SIPRI: $1.7 Trillion on War Spending in 2013

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Key Facts

· Global military expenditure was $1747 billion in 2013.
· Total spending fell by 1.9 per cent in real terms between 2012 · and 2013. This was the second consecutive year in which spending fell.
· Military spending fell in the West—North America, Western and Central Europe, and Oceania—while it increased in all other regions.
· The five biggest spenders in 2013 were the United States, China, Russia, Saudi Arabia and France.
· Military spending by the USA fell by 7.8 per cent, to $640 billion. A large part of the fall can be attributed to the reduction in spending on overseas military operations.
· China's spending increased by 7.4 per cent, representing a long-term policy of rising military spending in line with economic growth.
· Russia's military spending increased by 4.8 per cent, and for the first time since 2003 it spent a bigger share of its GDP on the military than the USA.
· Saudi Arabia was the fourth biggest spender in 2013, having ranked seventh in 2012. The United Kingdom has now fallen to sixth place.
· A total of 23 countries doubled their military spending in real terms between 2004 and 2013. These countries are in all regions of the world apart from North America, Western and Central Europe, and Oceania.



SIPRI Fact Sheet, April 2014
Trends in World Militarty Expenditure

2013 Global military expenditure fell in 2013, by 1.9 per cent in real terms, to reach$1747 billion.

This was the second consecutive year in which spending fell, and the ra military expenditure was $1747 billion in 2013. Total spending fell by 1.9 per cent in real terms between 2012 and 2013.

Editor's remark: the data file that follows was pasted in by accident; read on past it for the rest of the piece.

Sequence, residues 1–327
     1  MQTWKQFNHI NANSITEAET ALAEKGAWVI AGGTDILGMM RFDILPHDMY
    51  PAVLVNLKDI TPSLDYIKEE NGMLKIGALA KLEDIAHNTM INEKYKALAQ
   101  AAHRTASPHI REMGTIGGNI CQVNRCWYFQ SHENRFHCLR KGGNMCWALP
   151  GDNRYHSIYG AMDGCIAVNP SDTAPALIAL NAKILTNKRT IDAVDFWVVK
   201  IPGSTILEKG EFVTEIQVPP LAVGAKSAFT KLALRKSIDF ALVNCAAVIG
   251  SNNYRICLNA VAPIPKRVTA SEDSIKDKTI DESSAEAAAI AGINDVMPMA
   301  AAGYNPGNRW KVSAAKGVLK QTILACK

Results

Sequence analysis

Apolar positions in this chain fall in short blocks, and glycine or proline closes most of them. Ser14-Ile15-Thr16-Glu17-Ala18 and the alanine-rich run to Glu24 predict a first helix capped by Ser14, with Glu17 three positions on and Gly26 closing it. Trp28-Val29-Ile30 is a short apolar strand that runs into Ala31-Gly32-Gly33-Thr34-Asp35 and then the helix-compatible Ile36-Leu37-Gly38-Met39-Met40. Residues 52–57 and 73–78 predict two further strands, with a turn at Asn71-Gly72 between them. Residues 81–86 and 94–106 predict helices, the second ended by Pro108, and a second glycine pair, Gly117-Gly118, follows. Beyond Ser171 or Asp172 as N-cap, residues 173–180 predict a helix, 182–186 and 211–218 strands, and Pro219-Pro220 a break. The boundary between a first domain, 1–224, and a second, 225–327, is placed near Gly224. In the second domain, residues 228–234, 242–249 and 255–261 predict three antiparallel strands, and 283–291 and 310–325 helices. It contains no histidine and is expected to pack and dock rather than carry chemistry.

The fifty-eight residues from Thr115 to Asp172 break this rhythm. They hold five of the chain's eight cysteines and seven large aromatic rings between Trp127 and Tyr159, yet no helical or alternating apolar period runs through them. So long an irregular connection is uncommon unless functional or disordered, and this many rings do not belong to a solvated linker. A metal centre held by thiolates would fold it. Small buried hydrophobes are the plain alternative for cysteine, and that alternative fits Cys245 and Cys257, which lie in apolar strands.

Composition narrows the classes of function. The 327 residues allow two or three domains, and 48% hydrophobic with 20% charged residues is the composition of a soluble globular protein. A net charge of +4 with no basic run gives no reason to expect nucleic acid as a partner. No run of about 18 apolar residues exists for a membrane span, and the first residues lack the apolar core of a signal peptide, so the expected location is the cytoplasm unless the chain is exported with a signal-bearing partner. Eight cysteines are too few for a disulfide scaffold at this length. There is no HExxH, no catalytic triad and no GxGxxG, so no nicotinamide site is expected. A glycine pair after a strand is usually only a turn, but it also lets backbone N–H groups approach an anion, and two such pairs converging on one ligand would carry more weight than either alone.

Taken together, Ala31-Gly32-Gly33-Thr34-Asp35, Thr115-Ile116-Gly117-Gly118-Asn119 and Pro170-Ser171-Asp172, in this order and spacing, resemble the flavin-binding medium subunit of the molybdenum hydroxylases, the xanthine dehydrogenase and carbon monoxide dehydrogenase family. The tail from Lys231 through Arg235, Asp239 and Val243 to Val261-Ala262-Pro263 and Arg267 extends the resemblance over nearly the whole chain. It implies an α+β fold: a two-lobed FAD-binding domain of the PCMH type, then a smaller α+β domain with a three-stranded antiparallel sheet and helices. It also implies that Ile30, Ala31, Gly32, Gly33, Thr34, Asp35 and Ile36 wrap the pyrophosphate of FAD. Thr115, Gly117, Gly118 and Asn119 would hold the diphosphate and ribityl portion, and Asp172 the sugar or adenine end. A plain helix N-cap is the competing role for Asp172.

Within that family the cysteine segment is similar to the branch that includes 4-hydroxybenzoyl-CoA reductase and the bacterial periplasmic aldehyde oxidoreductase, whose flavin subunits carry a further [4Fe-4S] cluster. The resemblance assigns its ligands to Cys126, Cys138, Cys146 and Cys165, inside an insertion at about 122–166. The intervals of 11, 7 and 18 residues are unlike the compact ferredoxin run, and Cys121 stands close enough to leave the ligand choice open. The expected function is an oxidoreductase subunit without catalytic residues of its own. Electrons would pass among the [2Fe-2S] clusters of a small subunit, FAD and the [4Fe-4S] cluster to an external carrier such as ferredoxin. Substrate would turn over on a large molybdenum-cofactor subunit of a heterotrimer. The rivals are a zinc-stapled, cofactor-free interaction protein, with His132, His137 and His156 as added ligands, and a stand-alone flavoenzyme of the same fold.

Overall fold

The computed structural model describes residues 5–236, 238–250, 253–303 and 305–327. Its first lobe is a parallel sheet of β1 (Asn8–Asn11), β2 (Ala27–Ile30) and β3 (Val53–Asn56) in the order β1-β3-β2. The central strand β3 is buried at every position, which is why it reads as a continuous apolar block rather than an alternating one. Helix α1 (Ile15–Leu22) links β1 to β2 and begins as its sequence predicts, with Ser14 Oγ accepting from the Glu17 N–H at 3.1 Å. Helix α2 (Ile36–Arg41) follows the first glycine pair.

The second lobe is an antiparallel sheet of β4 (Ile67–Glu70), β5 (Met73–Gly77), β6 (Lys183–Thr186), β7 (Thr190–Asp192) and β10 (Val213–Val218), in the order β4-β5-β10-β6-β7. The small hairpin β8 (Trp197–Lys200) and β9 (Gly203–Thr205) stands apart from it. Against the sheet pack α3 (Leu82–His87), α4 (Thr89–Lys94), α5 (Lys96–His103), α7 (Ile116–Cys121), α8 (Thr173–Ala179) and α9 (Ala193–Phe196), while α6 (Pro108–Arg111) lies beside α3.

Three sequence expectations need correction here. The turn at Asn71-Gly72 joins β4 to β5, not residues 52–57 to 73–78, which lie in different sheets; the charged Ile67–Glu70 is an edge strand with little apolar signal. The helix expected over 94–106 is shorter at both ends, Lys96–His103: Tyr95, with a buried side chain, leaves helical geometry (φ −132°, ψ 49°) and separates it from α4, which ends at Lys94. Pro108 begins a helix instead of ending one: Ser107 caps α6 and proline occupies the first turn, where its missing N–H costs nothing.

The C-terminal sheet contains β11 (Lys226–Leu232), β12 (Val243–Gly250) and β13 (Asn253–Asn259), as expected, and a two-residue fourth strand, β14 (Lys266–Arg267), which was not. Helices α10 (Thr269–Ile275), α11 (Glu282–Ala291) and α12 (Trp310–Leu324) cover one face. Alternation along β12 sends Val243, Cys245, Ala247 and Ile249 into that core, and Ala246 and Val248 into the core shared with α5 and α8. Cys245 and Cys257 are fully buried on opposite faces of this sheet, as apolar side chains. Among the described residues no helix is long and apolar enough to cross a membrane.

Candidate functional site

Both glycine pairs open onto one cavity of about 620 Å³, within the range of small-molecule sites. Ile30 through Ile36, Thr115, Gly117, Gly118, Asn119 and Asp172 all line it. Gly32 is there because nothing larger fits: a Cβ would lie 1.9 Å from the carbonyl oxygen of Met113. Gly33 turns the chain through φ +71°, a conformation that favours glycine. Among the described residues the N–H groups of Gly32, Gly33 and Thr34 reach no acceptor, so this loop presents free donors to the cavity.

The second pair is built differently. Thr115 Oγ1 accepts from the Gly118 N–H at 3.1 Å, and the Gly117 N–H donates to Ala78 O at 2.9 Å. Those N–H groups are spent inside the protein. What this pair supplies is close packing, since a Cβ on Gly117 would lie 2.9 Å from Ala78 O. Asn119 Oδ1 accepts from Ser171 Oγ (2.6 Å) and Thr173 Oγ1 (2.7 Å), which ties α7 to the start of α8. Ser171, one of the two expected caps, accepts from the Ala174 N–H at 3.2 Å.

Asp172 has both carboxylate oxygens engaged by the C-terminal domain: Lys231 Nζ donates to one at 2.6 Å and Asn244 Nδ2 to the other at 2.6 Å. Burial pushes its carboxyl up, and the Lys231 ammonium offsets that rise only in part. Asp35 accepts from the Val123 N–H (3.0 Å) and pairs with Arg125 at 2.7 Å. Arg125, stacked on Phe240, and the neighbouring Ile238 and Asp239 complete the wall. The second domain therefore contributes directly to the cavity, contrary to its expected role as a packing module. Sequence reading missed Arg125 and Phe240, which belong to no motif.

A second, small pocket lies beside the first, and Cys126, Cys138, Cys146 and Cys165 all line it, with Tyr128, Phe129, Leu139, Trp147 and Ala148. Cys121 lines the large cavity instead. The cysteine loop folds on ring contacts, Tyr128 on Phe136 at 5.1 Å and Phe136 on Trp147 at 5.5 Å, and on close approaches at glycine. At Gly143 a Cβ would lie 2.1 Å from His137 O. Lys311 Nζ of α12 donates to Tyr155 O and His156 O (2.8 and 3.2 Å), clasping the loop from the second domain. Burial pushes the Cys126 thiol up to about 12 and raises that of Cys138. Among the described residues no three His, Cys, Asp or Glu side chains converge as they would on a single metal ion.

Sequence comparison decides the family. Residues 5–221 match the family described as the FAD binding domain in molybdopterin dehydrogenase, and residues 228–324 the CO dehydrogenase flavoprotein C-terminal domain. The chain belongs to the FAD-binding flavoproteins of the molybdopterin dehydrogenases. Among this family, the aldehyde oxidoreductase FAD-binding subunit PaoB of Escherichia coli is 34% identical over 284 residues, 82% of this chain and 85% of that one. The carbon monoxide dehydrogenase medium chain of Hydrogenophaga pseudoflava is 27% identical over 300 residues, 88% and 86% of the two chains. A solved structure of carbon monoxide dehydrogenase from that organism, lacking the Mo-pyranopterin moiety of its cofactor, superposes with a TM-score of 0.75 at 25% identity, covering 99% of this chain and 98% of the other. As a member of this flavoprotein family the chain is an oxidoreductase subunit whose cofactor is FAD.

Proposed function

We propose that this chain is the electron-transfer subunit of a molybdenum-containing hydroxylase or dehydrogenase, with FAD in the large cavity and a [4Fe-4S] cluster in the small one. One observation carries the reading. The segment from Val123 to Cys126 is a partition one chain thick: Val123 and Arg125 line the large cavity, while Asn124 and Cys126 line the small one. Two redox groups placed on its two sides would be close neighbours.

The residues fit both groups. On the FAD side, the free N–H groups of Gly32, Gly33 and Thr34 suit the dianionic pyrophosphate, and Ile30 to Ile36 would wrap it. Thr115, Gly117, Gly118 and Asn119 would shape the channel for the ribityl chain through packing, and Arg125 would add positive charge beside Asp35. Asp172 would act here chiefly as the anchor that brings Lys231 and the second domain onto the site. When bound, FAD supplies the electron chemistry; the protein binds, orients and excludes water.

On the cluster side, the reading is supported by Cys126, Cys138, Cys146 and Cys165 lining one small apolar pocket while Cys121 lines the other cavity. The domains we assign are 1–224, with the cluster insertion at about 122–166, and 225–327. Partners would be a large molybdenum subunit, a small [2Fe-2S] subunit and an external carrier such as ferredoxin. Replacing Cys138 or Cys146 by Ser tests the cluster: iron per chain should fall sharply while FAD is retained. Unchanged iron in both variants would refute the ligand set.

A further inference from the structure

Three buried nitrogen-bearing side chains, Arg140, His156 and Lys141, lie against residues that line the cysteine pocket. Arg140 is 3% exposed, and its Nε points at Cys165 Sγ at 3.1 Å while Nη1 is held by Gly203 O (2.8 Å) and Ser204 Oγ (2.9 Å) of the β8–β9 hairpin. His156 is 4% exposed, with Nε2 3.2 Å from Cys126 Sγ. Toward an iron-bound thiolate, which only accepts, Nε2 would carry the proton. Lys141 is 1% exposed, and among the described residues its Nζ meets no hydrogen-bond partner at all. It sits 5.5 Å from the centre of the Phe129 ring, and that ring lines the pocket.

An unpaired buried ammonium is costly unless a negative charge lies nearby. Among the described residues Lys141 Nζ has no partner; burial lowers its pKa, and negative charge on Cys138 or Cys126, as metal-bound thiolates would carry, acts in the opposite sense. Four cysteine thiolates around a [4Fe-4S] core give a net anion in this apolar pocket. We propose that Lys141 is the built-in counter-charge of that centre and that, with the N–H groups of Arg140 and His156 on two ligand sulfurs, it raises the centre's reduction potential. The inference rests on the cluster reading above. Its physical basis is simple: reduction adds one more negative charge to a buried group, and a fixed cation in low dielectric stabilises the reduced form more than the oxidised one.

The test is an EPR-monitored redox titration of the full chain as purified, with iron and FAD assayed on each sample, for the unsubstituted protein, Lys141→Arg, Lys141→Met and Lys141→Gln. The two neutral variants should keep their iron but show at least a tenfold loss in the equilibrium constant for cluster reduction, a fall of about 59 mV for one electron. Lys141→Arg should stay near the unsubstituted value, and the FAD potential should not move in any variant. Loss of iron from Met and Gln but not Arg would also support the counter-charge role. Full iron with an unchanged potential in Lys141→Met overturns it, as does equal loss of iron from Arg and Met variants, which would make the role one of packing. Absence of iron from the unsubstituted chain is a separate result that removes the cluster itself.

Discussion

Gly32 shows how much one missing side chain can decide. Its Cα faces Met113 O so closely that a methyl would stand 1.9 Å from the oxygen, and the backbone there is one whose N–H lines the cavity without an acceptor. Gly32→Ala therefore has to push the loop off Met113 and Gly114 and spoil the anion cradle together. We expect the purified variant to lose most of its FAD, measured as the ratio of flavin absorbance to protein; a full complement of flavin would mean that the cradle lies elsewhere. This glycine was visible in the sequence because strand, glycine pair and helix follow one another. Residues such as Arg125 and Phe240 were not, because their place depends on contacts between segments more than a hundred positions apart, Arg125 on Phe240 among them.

The five biggest spenders in 2013 were the United States, China, Russia, Saudi Arabia and France.

Military spending by the USA fell by 7.8 per cent, to $640 billion. A large part of the fall can be attributed to the reduction in spending on overseas military operations.

China's spending increased by 7.4 per cent, representing a long-term policy of rising military spending in line with economic growth.

Russia's military spending increased by 4.8 per cent, and for the first time since 2003 it spent a bigger share of its GDP on the military than the USA.

Saudi Arabia was the fourth biggest spender in 2013, having ranked seventh in 2012. The United Kingdom has now fallen to sixth place.

A total of 23 countries doubled their military spending in real terms between 2004 and 2013. These countries are in all regions of the world apart from North America, Western and Central Europe, and Oceania.

A pattern has been established in recent years whereby military spend ing has fallen in the West—that is, in North America, Western and Central Europe, and Oceania—while it has increased in other regions.

This tendency was even more pronounced in 2013, with military spending increasing in every region and subregion outside the West. In fact, the total for the world excluding just one country—the United States—increased by 1.8 per cent in 2013, despite falls in Europe and elsewhere.

From 14 April 2014 the SIPRI Military Expenditure Database includes newly released information on military expenditure in 2013.

This Fact Sheet describes the global, regional and national trends in military expenditure that are revealed by the new data, with a special focus on those countries that have more than doubled their military spending over the period 2004–13.

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